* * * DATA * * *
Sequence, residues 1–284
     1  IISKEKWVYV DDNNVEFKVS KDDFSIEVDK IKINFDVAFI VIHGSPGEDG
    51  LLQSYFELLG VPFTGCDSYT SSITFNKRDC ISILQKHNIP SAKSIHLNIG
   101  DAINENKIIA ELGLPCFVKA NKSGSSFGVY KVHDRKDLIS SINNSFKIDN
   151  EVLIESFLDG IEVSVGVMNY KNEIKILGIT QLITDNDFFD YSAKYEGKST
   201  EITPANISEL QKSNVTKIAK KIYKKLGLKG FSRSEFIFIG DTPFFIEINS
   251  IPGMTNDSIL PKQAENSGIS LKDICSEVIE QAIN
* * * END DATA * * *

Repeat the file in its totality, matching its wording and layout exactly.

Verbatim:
Sequence, residues 1–284
     1  IISKEKWVYV DDNNVEFKVS KDDFSIEVDK IKINFDVAFI VIHGSPGEDG
    51  LLQSYFELLG VPFTGCDSYT SSITFNKRDC ISILQKHNIP SAKSIHLNIG
   101  DAINENKIIA ELGLPCFVKA NKSGSSFGVY KVHDRKDLIS SINNSFKIDN
   151  EVLIESFLDG IEVSVGVMNY KNEIKILGIT QLITDNDFFD YSAKYEGKST
   201  EITPANISEL QKSNVTKIAK KIYKKLGLKG FSRSEFIFIG DTPFFIEINS
   251  IPGMTNDSIL PKQAENSGIS LKDICSEVIE QAIN